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Civil War Orphan Grandma Elzada

Updated: Dec 13, 2019

My grandma’s name was Elzada Marie Manis, and her daddy was in the Civil War. His name was Hamilton Griffith, and he fought as a Union soldier enlisted from Scott County, Tennessee.

Hamilton and Elzada Griffith

(left to right Great Grandma, Mamaw Elzada in the middle, Great Grandpa Hamilton Griffith)

As a youngster I didn’t think that was such a big deal until you realize that the Civil War was fought between 1861 and 1865, and this is 2018 – over 150 years ago!

That means that my great grandpa was old… 76 to be exact, when my grandma was born. And even more shocking, he was in his 80s when Uncle Fred, my great uncle was born.

Talk about strong stock.

So as you can imagine, it wasn’t too long after Uncle Fred was born that Hamilton died, leaving his 20 something year old wife to care for the kids alone.

She found a man with kids of his own to help her, but before too long the strain became too much, and Grandma and Uncle Fred were abandoned by their mother and ended up in separate foster homes.

They were abandoned in the cruelest way imaginable – taken to the fair and left there.

I never heard Grandma tell about her experiences in their entirety, but there was a resolute sadness in her periodic matter of fact assessment of her childhood situation.

She said she used to walk the roads looking for her brother Uncle Fred who had only been five at the time of their abandonment.

Uncle Fred and Mamaw Elzada as adults

Fred and Mamaw

Perhaps the joy of reconnecting wiped away all memories of the hardships they endured, or more probably, they preferred not to think or speak of it.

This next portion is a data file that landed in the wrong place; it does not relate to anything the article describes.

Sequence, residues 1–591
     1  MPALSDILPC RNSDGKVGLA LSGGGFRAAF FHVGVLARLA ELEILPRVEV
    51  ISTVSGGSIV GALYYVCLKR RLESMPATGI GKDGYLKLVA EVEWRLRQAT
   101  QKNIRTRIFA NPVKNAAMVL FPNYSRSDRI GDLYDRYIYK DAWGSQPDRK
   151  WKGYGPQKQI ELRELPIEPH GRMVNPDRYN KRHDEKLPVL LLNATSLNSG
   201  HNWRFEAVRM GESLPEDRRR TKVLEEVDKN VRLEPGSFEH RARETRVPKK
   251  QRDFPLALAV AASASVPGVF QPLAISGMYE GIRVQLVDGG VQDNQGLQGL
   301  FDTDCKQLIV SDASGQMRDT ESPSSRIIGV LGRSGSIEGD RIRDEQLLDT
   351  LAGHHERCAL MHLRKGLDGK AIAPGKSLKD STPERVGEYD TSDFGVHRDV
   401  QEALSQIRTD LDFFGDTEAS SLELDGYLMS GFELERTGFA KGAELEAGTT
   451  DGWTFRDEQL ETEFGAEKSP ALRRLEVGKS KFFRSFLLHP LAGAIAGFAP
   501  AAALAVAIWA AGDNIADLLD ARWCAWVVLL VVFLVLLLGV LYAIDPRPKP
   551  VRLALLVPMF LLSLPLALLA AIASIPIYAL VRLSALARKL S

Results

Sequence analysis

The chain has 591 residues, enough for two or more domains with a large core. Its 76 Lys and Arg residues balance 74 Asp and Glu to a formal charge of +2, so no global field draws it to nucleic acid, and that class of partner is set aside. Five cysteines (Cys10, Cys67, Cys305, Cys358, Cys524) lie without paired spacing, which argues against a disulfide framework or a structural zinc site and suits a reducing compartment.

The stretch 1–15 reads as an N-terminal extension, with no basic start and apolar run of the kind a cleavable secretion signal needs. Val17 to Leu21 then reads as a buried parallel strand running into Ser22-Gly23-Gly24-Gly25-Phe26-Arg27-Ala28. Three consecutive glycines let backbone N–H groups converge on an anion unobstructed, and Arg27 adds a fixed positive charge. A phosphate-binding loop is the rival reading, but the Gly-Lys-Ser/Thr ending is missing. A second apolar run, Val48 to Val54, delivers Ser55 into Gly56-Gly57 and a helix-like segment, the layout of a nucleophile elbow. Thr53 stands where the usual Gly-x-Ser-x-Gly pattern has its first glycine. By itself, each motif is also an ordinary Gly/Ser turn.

Uncle Fred was quite the character.

He stood about 6 feet tall, lanky with gnarled knuckles and hands, twisted from years of working in the coal mines and from rheumatoid arthritis.

He still managed to make a hobby of carving wooden toys that you could make wiggle and dance or fold a certain way to cause a dollar bill to disappear.

He was no master craftsman by usual standards, but he delighted me to no end.

He built all the shelves hanging around the walls in the home he also built, shared with his wife Aunt Betty.

The pair lived alone by the time I met them, their kids all having long since moved away, and they were some of the most eccentric people I ever met.

Around the line of shelves stood Betty’s tea pot collection that got taken down and washed exactly once per year.

Betty also collected handkerchiefs, and had them hanging on clotheslines across her “this and that” room, where a great many of her tea pots also rested.

She also colored in fine line coloring books long before it was a fad. She had Fred drive her to Rugby to the book shop there that carried the Dover Classics Collection, and she would be coloring Civil War soldiers in uniform, or Victorian ladies dressed in their ball gowns.